Thursday, 31 October 2013

Kenya travelling on a slippery path of gagging the media

Historically the mention of the words ‘Kenyan MPs’ seems to elicit something of negative bias.  Though it can be said that they have made a huge contribution to the democratization and development of our nation, their sins are of equal measure. 

To just mention a few, they ashamedly without blinking of an eye award themselves heft allowances in a country with a very low GDP compared to many states. Their appalling attitude to wealth and its distribution fails my imagination. 

Forming a very minimal percentage of our population they sit on a class of society that enjoy security whether socially, politically or economically that many would kill to have. Their position of leadership is so elevated that it becomes the ultimate dream for many aspiring to make it in life.  

Every time we make a move forward as a nation these leaders seems to take us two or more steps backwards.  We cannot keep silent. Kenya cannot continue to blame other nations for her problems as true as that could be. We must take charge of our destiny if the 2030 dreams are to be achieved.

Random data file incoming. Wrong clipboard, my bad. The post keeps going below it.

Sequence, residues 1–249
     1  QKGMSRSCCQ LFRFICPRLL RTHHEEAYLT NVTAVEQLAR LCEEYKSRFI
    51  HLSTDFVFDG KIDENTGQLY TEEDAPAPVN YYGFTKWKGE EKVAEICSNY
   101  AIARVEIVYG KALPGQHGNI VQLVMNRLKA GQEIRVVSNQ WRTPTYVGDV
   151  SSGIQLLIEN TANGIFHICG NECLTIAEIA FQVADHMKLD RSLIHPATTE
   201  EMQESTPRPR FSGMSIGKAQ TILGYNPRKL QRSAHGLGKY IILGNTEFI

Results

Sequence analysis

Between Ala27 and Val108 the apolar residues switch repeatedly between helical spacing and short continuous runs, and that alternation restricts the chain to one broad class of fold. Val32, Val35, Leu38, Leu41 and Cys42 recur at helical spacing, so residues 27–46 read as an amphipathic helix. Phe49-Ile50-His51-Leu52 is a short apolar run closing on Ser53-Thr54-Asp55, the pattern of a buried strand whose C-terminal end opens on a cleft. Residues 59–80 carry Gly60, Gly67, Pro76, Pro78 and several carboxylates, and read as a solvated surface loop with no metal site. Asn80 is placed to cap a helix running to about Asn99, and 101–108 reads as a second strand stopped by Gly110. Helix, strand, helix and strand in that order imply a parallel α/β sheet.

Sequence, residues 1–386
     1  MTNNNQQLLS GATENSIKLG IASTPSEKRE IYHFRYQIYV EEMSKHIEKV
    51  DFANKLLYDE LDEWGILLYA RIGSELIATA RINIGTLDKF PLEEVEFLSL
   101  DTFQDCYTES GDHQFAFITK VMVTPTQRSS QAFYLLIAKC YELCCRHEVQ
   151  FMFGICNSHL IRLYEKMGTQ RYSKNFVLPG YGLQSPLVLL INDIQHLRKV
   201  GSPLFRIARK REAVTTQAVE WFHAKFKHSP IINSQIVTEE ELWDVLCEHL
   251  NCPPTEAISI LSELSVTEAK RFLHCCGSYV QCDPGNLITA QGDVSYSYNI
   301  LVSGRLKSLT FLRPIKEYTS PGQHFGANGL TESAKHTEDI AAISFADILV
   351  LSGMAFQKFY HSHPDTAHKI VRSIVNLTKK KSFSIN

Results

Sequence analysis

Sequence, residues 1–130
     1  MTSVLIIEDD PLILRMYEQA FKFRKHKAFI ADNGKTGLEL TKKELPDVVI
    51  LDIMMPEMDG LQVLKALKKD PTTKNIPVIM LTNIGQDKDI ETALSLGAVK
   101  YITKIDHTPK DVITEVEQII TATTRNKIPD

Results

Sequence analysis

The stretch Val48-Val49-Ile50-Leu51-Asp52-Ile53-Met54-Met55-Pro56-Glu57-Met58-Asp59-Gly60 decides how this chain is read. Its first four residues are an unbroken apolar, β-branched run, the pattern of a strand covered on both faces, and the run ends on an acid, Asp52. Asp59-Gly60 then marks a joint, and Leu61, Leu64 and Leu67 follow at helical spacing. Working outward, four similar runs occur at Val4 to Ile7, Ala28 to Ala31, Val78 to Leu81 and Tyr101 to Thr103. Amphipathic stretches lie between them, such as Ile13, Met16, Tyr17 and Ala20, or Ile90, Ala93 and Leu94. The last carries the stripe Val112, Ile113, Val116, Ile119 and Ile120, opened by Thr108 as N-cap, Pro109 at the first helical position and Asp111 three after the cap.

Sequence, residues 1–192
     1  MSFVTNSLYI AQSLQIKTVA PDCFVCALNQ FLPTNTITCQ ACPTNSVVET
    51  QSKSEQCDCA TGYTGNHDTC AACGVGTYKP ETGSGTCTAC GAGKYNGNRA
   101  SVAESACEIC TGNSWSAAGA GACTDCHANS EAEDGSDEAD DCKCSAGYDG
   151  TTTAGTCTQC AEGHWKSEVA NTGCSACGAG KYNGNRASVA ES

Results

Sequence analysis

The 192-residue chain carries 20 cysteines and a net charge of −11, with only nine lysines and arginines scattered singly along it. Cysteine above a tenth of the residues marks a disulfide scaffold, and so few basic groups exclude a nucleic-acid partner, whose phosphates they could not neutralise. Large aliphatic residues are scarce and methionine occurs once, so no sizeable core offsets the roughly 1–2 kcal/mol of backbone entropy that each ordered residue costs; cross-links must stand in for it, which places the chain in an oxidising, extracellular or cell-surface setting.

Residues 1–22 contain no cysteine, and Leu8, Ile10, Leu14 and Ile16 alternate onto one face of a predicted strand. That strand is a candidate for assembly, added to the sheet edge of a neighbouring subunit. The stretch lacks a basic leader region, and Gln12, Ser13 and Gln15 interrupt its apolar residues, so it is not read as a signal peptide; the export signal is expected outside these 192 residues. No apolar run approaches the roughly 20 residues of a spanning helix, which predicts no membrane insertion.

We hate when we hear others call us corrupt, disorganised or untrustworthy. How can we defend against such claims if all people see and hear is misappropriation and embezzlement of public funds by people trusted by the nation to do manage their wealth.

Kenyan media has made a huge step in playing a key role of highlighting and informing the nation about issues that concerns us.   Corrupt officers are now publicly ashamed and declared; people are now more informed on issues concerning different enterprises be it those working in product or service industries. 

It is worth noting that though the media has made these huge steps there still remain a lot to be done. Poor journalism and reporting occurs daily and every government in the world makes sure that their media behaves appropriately. 

However, what our MPs have done this week cannot go unreported. They have set themselves to police and judge the media. Literally this means that you do not want as a journalist to be on their wrong side. Kenyans we must stand firm and condemn those who seem to be taking us backwards and MPs features top on the list!

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